Production and distribution (2)
A talent painter and hoodlum, sixty-five-year-old Guy Ribes is the most prolific French forger known to date, having inundated the art market with his works over a thirty-year period. In 2005, the police seized more than a hundred of his "fakes" and in 2010 he was sentenced to three years prison, of which one year was without remission.
Ribes has never copied anything. His Picassos, Matisses, Chagalls, and Légers have the deceptive appearance of "real" works and equal the paintings that inspired them. But how many forgeries by him, identified by experts, still hang on the walls of collectors, galleries, and museums, or feature in catalogues raisonnés?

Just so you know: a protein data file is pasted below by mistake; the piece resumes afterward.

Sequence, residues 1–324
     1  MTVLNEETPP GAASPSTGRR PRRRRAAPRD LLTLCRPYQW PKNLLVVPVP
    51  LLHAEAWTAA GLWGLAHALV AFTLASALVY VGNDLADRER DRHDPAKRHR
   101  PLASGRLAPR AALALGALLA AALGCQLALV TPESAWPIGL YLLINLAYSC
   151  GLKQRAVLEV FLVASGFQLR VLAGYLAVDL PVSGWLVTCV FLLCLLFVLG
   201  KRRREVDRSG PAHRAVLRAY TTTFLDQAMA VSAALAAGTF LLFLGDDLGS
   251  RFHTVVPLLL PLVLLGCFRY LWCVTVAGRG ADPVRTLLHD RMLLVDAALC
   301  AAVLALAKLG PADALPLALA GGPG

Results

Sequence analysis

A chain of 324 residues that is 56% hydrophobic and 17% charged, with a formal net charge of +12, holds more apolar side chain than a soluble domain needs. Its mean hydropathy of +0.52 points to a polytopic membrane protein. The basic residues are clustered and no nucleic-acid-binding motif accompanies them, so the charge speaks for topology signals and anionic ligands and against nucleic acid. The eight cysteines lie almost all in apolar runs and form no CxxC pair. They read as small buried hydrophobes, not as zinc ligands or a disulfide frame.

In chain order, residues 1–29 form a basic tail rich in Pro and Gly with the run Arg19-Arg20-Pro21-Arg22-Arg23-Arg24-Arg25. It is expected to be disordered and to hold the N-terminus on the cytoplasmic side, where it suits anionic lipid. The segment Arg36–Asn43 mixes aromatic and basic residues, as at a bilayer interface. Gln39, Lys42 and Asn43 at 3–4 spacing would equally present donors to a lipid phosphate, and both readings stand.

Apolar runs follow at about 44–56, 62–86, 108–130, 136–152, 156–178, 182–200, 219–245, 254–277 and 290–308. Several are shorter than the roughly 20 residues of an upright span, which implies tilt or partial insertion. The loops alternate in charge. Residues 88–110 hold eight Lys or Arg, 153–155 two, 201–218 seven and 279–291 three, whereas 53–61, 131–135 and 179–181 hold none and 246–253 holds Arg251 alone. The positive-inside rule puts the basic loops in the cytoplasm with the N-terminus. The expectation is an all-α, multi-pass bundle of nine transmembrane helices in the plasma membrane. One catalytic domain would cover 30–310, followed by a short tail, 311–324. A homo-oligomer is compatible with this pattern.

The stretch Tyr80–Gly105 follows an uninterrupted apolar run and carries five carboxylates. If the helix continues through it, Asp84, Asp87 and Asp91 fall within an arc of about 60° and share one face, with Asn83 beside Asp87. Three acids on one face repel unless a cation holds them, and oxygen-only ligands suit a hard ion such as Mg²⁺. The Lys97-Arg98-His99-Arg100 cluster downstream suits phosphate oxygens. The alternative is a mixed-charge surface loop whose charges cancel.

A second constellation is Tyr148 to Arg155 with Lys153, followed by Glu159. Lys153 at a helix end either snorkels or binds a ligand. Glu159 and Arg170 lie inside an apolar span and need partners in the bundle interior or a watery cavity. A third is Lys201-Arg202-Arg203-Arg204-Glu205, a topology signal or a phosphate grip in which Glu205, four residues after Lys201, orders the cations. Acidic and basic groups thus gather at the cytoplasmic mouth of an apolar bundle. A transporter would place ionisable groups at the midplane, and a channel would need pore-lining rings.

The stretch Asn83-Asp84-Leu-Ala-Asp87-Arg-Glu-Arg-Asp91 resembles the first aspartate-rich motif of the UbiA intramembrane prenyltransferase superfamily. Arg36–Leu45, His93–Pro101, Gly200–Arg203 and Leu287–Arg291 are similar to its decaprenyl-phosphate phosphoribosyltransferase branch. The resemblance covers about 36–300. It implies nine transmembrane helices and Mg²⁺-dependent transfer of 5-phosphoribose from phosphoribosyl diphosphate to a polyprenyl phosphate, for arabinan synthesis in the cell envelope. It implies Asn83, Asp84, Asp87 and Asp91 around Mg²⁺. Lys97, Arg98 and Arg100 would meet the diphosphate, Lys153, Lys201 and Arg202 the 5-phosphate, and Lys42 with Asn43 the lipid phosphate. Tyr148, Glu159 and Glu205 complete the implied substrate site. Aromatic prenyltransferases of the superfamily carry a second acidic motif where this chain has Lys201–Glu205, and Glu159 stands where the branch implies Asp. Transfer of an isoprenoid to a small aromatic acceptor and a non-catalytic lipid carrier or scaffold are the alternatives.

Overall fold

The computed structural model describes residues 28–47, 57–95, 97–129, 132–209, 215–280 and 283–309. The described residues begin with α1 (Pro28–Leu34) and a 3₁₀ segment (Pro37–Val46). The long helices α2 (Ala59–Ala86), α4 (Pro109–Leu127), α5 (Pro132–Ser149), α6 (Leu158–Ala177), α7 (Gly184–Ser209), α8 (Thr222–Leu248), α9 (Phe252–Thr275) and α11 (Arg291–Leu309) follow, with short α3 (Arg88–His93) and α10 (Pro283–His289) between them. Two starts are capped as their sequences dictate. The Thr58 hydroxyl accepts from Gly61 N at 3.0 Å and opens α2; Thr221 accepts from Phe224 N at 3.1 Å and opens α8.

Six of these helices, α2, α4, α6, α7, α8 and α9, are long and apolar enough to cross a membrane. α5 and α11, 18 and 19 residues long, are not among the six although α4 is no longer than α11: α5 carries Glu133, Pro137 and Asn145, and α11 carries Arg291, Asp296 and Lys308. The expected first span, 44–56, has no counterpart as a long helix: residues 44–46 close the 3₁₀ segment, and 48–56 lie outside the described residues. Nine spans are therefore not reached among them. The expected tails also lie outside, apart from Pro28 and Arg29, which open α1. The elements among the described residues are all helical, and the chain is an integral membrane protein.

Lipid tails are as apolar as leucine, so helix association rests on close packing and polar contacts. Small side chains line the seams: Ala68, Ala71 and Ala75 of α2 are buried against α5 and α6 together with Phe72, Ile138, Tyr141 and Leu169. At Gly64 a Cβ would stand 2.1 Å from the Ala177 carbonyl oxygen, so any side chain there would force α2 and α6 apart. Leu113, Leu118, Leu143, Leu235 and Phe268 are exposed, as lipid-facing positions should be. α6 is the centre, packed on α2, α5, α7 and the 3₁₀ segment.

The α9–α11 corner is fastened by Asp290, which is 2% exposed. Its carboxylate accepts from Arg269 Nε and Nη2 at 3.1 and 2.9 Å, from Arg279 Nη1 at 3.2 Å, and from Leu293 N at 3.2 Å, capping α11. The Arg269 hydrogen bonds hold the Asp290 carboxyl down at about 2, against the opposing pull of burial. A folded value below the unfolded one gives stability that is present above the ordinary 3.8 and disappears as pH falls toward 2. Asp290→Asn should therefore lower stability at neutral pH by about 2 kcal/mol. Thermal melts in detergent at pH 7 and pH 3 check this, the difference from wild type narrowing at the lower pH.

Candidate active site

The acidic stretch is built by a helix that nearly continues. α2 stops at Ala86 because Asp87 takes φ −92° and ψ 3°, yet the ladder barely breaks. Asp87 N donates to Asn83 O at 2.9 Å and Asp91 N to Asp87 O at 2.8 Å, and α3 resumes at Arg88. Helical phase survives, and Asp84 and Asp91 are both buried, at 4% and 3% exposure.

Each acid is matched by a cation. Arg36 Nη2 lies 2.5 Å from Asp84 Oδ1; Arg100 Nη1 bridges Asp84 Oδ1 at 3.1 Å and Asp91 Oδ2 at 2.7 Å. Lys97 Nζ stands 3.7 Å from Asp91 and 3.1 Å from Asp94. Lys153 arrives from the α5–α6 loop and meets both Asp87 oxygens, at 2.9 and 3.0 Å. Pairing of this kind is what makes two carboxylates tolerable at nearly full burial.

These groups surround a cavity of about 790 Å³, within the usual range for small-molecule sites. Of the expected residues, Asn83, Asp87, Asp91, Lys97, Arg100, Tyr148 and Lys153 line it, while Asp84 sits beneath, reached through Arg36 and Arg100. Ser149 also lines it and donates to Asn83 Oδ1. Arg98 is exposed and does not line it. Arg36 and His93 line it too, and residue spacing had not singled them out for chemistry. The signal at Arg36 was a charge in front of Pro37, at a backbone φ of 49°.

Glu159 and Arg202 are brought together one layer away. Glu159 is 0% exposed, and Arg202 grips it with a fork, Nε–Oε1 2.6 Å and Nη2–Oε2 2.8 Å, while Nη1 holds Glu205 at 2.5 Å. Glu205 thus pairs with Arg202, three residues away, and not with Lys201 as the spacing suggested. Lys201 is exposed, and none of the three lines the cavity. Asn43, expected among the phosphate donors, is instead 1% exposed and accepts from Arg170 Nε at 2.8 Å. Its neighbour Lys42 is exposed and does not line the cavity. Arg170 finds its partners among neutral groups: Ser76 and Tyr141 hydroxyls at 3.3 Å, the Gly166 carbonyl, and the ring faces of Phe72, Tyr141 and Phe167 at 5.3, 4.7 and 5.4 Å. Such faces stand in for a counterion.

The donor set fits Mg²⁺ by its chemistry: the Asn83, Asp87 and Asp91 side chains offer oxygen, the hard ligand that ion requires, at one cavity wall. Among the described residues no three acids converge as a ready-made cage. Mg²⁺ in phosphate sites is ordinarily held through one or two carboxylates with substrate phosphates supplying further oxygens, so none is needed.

Guy Ribes shares the secrets behind the creation of his "oafs," recounting with a pimp's cocky humor, a flamboyant life full of pleasure and scams. The final one, which caused his downfall, is straight out of a thriller. It features a phoney widow, fake inheritors, a Swiss collectioner "sucker," and unscrupulous art dealers.
The policeman who arrested him, a prosecutor, legal expert, and a swindled collector reveal other aspects of this incredible personality, who seems like he stepped straight out of fiction.
Throughout the film, Guy Ribes' paint brush creates, while we watch, a painting that seems to have come from the hand of the masters which inspired it.